“The real thing that really made a big difference with this model – both to its functionality as a tractor when new, and to its desirability now – was the arrival of the Super Q cab,” Gary told me. The Series 10 itself was a decent enough machine and was certainly a popular seller for Ford, but the new cab that arrived with the Force II variant featured here, made a big difference. It provided a much better, more comfortable working environment for the driver, with more effective sound-deadening, a flat floor and – thankfully – the replacement of the ‘Rubik’s Cube’ gear selection system, which was like stirring a rice pudding!
“However, good though the Super Q cab was, nowadays it probably represents the biggest potential problem associated with buying a Series 10 Force II today. This cab was designed to provide roll-over protection for the driver but, in many cases, the intervening decades have highlighted weaknesses in the metal and paint used, which result in corrosion. Consequently, buyers should check carefully along the bottom edges of all the windows (especially the front screen and doors) for signs of rust, bubbling paint or botched repairs. Plenty that I’ve seen have been badly repaired with filler by those looking for a cheap fix or a quick sale. Putting this sort of damage right, using proper repair sections, is time-consuming, expensive work, so be warned.”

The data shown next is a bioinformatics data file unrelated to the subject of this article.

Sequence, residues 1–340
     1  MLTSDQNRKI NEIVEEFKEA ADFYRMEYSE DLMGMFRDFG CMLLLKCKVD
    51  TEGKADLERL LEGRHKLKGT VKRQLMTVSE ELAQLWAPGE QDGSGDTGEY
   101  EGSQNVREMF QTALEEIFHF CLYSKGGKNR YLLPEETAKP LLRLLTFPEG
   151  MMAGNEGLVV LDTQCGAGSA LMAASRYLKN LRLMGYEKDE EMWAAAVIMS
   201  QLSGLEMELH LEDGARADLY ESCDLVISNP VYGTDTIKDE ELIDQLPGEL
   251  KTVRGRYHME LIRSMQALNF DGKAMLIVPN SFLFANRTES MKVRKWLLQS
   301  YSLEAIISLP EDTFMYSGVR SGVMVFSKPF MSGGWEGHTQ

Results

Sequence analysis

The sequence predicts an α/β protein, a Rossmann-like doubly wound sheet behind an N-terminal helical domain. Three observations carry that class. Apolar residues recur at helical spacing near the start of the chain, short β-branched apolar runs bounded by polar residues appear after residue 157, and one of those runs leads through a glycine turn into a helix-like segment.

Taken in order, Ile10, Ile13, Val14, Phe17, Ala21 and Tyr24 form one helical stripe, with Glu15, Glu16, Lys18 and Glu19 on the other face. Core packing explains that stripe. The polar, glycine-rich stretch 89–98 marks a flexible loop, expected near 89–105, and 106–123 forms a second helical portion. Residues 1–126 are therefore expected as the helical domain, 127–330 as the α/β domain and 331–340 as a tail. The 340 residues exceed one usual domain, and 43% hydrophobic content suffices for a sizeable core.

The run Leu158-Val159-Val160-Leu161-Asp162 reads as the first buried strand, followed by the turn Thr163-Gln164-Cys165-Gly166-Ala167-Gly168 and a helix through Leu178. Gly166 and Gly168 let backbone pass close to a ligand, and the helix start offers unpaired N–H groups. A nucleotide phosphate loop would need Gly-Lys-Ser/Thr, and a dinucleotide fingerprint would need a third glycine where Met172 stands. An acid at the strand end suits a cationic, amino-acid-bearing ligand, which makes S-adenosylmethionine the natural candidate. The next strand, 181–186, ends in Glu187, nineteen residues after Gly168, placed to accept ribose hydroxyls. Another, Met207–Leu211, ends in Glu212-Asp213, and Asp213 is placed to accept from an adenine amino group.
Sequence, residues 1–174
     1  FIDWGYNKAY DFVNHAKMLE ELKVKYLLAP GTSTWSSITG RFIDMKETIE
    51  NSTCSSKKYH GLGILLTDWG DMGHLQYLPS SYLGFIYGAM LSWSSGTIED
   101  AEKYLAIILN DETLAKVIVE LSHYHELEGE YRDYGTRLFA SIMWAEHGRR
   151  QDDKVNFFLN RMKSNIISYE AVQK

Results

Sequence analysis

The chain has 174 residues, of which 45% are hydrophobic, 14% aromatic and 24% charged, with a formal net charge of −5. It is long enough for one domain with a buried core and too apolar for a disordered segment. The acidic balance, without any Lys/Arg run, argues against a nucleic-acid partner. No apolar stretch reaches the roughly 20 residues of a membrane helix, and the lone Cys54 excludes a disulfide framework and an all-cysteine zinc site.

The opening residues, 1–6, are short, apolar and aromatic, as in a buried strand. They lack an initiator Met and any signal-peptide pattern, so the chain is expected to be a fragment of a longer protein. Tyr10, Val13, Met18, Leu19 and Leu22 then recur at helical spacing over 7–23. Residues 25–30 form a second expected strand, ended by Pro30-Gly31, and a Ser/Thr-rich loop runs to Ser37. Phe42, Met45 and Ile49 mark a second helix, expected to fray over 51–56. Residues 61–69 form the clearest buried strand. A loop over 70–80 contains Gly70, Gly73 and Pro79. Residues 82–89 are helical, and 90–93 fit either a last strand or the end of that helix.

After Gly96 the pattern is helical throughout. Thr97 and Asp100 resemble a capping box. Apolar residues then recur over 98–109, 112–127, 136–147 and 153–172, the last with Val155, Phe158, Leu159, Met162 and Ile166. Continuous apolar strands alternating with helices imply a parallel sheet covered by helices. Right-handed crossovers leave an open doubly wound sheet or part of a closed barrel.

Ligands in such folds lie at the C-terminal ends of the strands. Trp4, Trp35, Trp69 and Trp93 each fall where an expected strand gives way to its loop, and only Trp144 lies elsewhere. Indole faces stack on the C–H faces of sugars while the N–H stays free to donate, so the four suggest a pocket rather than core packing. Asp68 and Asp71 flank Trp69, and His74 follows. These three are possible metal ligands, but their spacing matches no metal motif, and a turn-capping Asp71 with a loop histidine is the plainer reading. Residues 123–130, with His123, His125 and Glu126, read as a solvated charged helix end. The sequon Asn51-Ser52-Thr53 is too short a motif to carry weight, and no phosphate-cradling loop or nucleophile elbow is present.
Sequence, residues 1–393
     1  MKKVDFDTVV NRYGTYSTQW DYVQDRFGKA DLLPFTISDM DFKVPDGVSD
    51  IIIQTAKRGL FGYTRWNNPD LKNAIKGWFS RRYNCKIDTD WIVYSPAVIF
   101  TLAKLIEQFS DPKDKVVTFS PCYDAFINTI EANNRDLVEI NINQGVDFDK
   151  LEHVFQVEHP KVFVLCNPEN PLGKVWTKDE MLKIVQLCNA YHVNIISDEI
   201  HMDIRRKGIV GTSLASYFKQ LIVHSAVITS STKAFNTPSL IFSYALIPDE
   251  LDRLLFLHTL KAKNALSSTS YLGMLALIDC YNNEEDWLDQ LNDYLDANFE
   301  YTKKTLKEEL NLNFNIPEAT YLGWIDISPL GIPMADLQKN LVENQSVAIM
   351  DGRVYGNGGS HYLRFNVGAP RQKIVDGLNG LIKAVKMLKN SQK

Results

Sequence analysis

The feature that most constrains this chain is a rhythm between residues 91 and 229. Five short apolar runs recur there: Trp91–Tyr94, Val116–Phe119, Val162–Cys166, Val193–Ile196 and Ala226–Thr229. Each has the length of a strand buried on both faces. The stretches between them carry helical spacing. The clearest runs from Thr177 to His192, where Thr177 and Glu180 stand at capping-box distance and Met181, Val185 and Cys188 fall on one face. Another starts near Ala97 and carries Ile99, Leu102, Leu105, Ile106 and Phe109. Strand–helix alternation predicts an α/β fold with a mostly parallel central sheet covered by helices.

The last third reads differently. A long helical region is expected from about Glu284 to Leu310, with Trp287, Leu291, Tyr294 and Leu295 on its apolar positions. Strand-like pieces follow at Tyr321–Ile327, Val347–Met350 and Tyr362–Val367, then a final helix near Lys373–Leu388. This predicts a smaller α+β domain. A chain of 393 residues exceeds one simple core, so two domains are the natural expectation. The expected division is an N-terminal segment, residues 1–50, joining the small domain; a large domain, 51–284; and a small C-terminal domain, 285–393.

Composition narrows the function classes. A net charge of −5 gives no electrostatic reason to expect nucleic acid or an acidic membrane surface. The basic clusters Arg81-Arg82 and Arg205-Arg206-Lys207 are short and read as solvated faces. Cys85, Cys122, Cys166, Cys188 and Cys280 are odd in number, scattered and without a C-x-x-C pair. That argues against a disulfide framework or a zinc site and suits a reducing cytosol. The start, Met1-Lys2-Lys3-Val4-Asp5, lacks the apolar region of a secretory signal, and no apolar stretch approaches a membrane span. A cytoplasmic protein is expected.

Being an accomplished performer means that Series 10 tractors can wear their age well, so it’s always a good idea to take somebody with you who knows what they’re looking at when viewing a prospective purchase. While these tractors aren’t worth a fortune so the initial outlay isn’t likely to be massive, there’s still little point in rushing out and unnecessarily buying yourself a whole heap of trouble. It’s common sense to buy the best example you can find, but it’s equally smart to have a calming influence with you during the inspection, to curb your enthusiasm and point out the realities of what you might be letting yourself in for. A friend with relevant ownership/restoration experience could save you thousands of pounds – and hours of frustration – further down the line.